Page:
Votes on controversial legislation often are split along partylines. Expect a similar reaction to W., Oliver Stone’s new movie chronicling the life and times of George W. Bush.
Conservatives are likely to protest that the film presents an unfair and inaccurate picture of our 43rd President and is yet another example of the liberal media and Hollywood elite. Meanwhile, we can expect those on the left to cite it as one more piece of evidence that the Bush presidency has been a disaster for America.
But for people of all political persuasions, W. offers the opportunity for a welcome diversion from the intense and serious business of politics and elections that has dominated the national agenda during the longest presidential campaign in U.S. history. If you’re inclined to take advantage of this opportunity and opt for the celluloid version of politics over the real thing, here are some other political films to satisfy your appetite between now and Election Day:
The Manchurian Candidate (1962)
More than four decades after its release, the original Manchurian Candidate remains one of the most powerful and suspenseful films involving the world of politics. With a plot that features a presidential campaign driven by ambition, a decorated war hero who becomes an assassin, and tales of brainwashing during the Cold War, followers of New Jersey politics will be right at home.
The movie actually does have connections with New Jersey. One of the characters has a recurring dream that he is in Spring Lake listening to a lecture from the Spring Lake Garden Club. The surname of a key presidential aspirant is Iselin, which also is the name of a section of Woodbridge Township. And one of the stars of the film is Hoboken’s own Frank Sinatra.
All the Presidents Men (1976)
This story of Watergate and Washington Post reporters Carl Bernstein and Bob Woodward reminds us that there once was a time when people considered journalists the good guys in the white hats. It also reminds us of what it was like to be an investigative reporter before the Internet put research at our fingertips. In one scene, we see Woodward and Bernstein looking through every phone book in the Washington Post newsroom to track down a lead. In another, Bernstein spends the better part of a day waiting for his one chance to question a reluctant official who holds a key to unraveling the Watergate story.
A slight New Jersey connection here too: Watergate burglar G. Gordon Liddy is a New Jersey native who grew up in West Caldwell and graduated from Saint Benedict’s Prep in Newark.
Wag the Dog (1997)
A chief executive involved in a sex scandal also has a familiar ring for New Jerseyans. In this film, however, a political consultant creates a fake war to divert attention elsewhere. The story is farfetched (hopefully), but the plotting, the bumps in the road, the charges and counter-charges and the need to act quickly to counter them should be familiar processes for anyone who has been involved in a political campaign at any level.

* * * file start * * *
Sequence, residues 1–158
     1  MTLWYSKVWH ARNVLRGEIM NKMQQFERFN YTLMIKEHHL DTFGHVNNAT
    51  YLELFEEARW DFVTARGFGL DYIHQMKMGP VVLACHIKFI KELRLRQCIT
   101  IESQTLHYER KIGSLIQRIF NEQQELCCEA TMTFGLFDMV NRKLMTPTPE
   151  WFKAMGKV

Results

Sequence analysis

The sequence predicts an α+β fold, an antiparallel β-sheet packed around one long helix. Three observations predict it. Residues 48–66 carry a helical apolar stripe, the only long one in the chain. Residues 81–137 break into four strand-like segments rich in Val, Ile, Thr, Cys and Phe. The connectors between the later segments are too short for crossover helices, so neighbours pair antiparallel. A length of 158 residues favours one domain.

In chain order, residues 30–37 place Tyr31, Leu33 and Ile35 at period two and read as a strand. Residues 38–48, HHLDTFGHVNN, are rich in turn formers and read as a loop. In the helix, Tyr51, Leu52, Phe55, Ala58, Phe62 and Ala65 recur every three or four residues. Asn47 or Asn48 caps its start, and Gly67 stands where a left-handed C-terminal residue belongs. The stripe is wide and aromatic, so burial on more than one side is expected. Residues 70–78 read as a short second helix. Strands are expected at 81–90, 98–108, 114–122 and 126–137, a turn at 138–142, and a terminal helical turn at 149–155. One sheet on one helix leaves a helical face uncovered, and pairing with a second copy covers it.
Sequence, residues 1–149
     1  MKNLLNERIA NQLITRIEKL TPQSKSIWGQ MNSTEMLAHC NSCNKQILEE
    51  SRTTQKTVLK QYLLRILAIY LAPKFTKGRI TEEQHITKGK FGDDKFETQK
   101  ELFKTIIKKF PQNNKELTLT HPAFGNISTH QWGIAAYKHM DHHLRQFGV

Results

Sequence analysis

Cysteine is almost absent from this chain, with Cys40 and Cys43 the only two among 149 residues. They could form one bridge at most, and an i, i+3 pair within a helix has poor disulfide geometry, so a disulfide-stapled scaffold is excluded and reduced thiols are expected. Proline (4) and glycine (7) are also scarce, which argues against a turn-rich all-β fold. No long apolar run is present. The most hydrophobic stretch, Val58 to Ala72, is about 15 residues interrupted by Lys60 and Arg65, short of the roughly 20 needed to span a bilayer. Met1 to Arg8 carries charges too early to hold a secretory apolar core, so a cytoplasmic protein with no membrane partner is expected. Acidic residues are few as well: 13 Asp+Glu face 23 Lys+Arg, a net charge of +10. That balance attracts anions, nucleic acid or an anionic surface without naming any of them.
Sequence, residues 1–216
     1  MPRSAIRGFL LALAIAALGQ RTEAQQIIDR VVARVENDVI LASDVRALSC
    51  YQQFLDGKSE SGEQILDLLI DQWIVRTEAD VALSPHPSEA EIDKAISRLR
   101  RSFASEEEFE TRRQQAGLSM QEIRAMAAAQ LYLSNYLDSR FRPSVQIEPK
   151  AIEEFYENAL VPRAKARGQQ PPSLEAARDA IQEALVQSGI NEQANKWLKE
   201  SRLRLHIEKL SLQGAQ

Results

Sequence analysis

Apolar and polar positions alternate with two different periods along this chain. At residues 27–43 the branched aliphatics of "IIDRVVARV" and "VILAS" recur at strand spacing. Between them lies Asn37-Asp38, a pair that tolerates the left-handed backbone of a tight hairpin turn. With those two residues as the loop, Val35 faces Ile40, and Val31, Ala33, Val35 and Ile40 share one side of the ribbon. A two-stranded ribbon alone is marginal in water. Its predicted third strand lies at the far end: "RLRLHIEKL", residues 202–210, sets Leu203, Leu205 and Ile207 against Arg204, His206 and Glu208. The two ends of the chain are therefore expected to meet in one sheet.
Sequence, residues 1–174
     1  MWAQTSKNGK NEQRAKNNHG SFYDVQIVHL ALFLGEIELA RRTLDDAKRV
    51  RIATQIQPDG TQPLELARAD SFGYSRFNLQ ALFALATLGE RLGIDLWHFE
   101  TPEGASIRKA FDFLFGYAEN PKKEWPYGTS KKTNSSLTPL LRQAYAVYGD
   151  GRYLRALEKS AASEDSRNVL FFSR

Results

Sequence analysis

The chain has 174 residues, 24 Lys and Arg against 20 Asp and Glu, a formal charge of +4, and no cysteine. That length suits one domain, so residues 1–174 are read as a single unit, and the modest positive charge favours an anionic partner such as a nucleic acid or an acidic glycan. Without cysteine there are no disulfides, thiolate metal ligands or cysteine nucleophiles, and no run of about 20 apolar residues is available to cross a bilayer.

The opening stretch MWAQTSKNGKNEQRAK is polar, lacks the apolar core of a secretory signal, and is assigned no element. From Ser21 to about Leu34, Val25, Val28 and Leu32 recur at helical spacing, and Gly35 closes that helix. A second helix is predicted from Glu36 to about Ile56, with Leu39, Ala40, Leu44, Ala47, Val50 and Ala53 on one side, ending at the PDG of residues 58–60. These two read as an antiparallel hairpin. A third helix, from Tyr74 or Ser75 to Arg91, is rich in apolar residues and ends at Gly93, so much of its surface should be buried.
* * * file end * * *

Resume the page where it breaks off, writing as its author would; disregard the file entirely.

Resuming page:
An even more tenuous New Jersey connection: The movie features scenes of many popular Washington landmarks, including one in which a limousine departs from the historic Hay Adams Hotel. The hotel was the site of former Governor McGreevey’s wedding to Dina Matos.
Street Fight (2005)
Why settle for fiction when you can get the real thing? This documentary on the 2002 mayoral campaign in Newark captures the essence of politicking in New Jersey — the powerbrokers, the threats, the paybacks and more. If you’ve spent anytime in government or politics in the state, you’re sure to spot a familiar face, location or event, maybe even yourself.
In the aftermath of the 2000 presidential election, so many things occurred so quickly that it is valuable to have a film preserving these historic weeks in American history. Just how accurate the film is, however, has been the subject of much debate and discussion.
But on a broader scale, Recount does provide an accurate picture of 21st Century American politics. We see partisanship, polarization and two parties so obsessed with winning that they forget that government, as Lincoln said, should be of the people, by the people, and for the people.
Running on Empty (1988)
On the surface, this may have more to do with New Jersey than politics. Most of the plot takes place in New Jersey, parts of it were filmed in Tenafly, and there is a scene that features a closeup of the front page of The Star-Ledger.
As for the politics, the movie is about Arthur and Annie Pope, two Vietnam era radicals who have been living underground since they blew up a napalm lab to protest the war. The fictional Popes were modeled after Bill Ayers and Bernadine Dohrn of the Weather Underground. Ayers, as anyone who follows presidential politics should know, now is a college professor who has become a campaign issue because of his association with Barack Obama.
As you can see, the line between fiction and real life often is a thin one. When it comes to politics, it may not matter whether you’re on the campaign trail or at the movies.